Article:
A Blunt News Article

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Chapter 6:

"It is six years since the morning Nathan Giles Jr. accosted the car that Bonnie Anne Bush was driving to her Mount Sinai Hospital nursing post, forced her out with a gun, dragged her screaming into an abandoned West Side building, shot her and set her body afire" (Scanlan 141).

After reading the initial paragraph to the article A Woman Burned While Police Had Their Danish, I was shocked at the amount of description that Newsday provided. Chapter six is entitled "Opinion and Persuasion," but I didn't think it would go this far. You may be thinking that I am against this amount of information in the very beginning of the story, but I am not. I think that it is great that there is this much information at the start. This tells the readers exactly what went on and what the story will cover. It does not contain fluff or unnecessary words. The voice of the writer can be found early enough that a reader does not have to question who is writing.

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Chapter 8:

"Vincent Fiori was on the 71st floor of the first tower that was hit" (Scanlan 219).

I think that this chapter is extremely important to news writers because of how touching the subject area is. The quote that I chose is all that is necessary to depict from the article because of how much emotion it has in it. It is the news agencies and the news writers that make the story. Just because a very extreme event occurs, does not mean that everyone in the world saw it. This is why we have newspapers, television, and the internet. People have to watch or read something in order to find out what is happening in the world each and every day.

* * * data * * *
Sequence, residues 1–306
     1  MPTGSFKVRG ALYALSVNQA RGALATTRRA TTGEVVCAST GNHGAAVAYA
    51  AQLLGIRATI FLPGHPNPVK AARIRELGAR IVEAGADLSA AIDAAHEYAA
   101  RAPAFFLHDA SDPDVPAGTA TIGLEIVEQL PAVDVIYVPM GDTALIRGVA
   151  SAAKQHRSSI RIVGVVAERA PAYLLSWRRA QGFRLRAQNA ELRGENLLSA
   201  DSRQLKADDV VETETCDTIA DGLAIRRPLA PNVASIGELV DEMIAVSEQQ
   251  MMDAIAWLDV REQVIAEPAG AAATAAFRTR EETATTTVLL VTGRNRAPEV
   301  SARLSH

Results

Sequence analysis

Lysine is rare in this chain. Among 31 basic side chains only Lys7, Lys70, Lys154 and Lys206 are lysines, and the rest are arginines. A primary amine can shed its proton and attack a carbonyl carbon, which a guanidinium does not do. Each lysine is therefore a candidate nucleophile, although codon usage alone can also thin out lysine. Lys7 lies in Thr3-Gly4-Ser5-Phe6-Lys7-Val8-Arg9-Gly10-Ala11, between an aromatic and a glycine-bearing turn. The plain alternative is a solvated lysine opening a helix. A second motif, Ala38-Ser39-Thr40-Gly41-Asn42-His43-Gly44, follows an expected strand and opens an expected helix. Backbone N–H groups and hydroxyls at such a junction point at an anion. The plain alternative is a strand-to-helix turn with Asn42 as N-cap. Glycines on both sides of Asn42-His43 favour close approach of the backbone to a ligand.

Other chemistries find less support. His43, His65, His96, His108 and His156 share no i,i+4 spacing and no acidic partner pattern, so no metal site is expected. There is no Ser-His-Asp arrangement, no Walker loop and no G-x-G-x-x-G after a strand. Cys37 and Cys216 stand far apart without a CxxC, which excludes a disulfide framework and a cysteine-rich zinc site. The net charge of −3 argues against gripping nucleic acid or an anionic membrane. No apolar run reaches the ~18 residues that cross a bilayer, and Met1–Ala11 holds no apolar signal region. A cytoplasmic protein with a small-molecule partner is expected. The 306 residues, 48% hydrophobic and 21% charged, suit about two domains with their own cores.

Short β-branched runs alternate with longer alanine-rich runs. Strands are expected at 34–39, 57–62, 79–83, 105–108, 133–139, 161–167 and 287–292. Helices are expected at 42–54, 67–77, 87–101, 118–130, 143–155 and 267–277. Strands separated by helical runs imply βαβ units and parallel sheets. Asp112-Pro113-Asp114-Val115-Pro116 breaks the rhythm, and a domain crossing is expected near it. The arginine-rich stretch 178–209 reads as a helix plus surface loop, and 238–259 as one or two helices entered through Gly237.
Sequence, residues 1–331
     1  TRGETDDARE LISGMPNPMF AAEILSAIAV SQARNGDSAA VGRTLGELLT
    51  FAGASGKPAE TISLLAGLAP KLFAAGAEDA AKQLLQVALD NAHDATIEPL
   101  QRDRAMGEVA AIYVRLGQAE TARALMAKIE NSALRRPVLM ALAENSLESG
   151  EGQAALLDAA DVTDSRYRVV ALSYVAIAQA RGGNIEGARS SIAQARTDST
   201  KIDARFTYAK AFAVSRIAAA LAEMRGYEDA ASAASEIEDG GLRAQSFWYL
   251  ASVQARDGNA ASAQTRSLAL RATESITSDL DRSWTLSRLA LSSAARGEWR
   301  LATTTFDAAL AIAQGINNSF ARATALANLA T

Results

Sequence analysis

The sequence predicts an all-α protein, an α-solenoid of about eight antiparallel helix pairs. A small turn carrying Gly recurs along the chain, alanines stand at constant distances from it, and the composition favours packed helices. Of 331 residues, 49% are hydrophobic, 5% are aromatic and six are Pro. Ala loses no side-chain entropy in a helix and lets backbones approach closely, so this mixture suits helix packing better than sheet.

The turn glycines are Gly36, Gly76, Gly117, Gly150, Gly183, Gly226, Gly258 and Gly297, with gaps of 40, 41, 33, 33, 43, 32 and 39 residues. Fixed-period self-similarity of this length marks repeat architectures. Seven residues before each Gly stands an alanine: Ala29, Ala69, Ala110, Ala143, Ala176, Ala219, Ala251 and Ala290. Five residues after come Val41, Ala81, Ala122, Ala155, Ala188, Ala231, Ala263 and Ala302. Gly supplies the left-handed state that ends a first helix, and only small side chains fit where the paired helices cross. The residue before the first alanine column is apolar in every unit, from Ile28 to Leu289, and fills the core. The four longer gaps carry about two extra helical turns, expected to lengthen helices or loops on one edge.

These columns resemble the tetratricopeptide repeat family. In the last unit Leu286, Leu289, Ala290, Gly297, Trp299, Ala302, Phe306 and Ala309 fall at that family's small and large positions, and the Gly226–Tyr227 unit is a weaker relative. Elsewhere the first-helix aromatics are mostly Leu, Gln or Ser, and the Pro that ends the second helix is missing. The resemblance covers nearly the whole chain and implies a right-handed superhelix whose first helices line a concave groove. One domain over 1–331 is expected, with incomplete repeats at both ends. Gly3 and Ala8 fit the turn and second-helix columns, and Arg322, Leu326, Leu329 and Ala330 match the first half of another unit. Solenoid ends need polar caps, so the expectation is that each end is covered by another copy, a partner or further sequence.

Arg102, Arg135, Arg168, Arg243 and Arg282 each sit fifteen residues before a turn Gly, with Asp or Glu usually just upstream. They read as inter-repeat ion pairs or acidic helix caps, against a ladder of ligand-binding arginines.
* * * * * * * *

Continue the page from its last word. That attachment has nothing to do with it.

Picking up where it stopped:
So, should newspapers publish articles about terrorist events? Does this give the terrorists credit or does it honor the victims of the crime?

Click here for the course web page devoted to Cappon Ch. 6, 8.

1 Comment

Derek, I enjoy how much information that readers are given in this story too. I hate it when newspapers are too "fluffy" I would much rather just be told the honest truth, regardless of how gory it is.

I have gone back and forth on your questions regarding the publishing of terrorist events. It is true that terrorists want the fame and glory that accompany committing a terrorist act. They want people to be afraid of them, and by publishing the details of a terrorist attack, this is exactly what is happening. After 9/11 people were afraid to fly. Terrorists want America to be afraid of them, and they accomplished this through the news on 9/11.

About this Entry

This page contains a single entry by Derek Tickle published on September 24, 2009 7:12 PM.

Reflection #6: An Article with a Connection was the previous entry in this blog.

Reflection #7: Words are Worth a Million Words is the next entry in this blog.

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